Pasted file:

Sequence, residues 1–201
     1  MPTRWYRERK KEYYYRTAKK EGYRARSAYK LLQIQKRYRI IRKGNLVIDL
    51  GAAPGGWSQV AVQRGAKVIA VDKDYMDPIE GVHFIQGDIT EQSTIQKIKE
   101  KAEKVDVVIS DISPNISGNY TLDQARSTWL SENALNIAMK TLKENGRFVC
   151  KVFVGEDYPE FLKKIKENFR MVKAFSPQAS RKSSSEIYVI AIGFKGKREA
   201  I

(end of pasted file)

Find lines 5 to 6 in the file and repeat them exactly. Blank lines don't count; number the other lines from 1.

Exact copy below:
   151  KVFVGEDYPE FLKKIKENFR MVKAFSPQAS RKSSSEIYVI AIGFKGKREA
   201  I